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Gay Americans Made Important Contribution To GOP Wins

This is the kind of data I’ve been waiting to see…

According to CNN, 31% of self-identified gay voters supported Republican candidates for the U.S. House. This number is a dramatic increase from the 19% GOP House candidates won among gay voters in 2008. “Exit polling makes it clear gay voters played an important role in bringing conservative leadership to Congress,” said Jimmy LaSalvia, Executive Director of GOProud, the only national organization representing gay conservatives and their allies. “It also proves something we have been saying for months now – that the Tea Party’s message of limiting government is something that appeals to many gay Americans.”

That my friends, is a huge shift.  It also marks a high water mark of self-identified gays voting for GOP as I believe McCain got 27% in 2008 and Bush got 24% in 2004 (don’t quote me on those numbers, I’m using my memory).

How will the professional Gay Leftists handle the fact that one-third of the gays & lesbians in America vote conservative?   For example, will they back off of their position of abortions-for-all when genetic advances are leading to the days of selective aborting gays & lesbians before they are born?

And that’s just one issue where the Gay Progressive radicals are on the wrong side of 60% of America and 30% of gays & lesbian Americans.  What does this say about gay America’s eroding support of President Obama?

Will anything change among the Gay Street crowd?  Doubtful.  They are bought & paid for by the Democrats and George Soros-funded organizations.

-Bruce (GayPatriot)

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17 Comments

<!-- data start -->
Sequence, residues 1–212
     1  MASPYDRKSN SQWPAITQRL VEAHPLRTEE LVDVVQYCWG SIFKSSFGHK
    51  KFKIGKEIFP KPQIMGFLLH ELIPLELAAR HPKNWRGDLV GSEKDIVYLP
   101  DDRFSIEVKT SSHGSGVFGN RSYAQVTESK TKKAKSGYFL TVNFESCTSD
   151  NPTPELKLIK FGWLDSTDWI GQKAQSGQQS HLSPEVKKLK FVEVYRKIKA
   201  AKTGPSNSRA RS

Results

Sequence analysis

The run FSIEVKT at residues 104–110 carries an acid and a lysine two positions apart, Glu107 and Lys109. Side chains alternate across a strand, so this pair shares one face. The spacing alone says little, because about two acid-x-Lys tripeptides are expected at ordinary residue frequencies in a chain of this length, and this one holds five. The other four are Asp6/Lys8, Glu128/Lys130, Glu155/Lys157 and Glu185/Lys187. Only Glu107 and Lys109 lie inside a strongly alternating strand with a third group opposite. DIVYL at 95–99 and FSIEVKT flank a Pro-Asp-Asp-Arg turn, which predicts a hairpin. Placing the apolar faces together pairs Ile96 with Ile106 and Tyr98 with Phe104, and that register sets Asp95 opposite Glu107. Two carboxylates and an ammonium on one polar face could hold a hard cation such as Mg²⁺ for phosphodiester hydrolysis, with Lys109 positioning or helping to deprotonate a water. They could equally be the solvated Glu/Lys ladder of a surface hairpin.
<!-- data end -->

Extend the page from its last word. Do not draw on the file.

1. So what’s the biggest difference between 2008 and 2010? GOProud was established in 2009! (wink)

    Comment by Jimmy — November 4, 2010 @ 12:09 pm - November 4, 2010

  2. That’s good news. FWIW, I also remember 24% as the Bush number in 2004.

    Comment by ILoveCapitalism — November 4, 2010 @ 12:13 pm - November 4, 2010

  3. These numbers are very telling and in line with what I observed this year anecdotally in my own life and the lives of GLBT friends struggling to make it. The thing is, BOTH parties court damage if they choose to ignore those numbers.

    I’ve said this on another thread, but it bears repeating that at the risk of dabbling in “Identity Politics”, I think it is more beneficial than not for GOProud and other similar organizations to seek out qualified out and proud conservatives to run on the Tea Party or Republican ticket for offices and beat HRSneeze at their own game. A line of communication could be opened with The Victory Fund assuming that organization has enough open-minded folks running it.

    I advocate this approach not to perpetuate long term Identity Politics but to desensitize them sooner. Now that Obama has been president, it will be much more difficult to throw around The Race Card. And when Sarah Palin is president in 2013, many arguments from the far-Left feminist groups will be neutralized. As long as gay Americans like myself can be confident that candidates who share our views will be supported by GOProud and other organizations, then we can take steps to end the days of the Barney Franks of the world controlling the dialogue and having the unchallenged ear of the GLBT population.

    Comment by PopArt — November 4, 2010 @ 12:51 pm - November 4, 2010

  4. [...] more gay voters chose Republicans this year than in 2008. 31% of self-identified gay voters supported Republican candidates for the [...]

    Pingback by Gateway Pundit — November 4, 2010 @ 1:29 pm - November 4, 2010

  5. This is really great. I read your column daily. I am, for lack of a better word straight, however I’m really pleased at this good news. I really enjoy your blog.

    Comment by Marcie McCarty — November 4, 2010 @ 1:44 pm - November 4, 2010

  6. Is it possible that some of those who switched were small business owners who have been hurt by the Democrat´s policies? Maybe they´re seeing the light.

    Comment by Roberto — November 4, 2010 @ 2:16 pm - November 4, 2010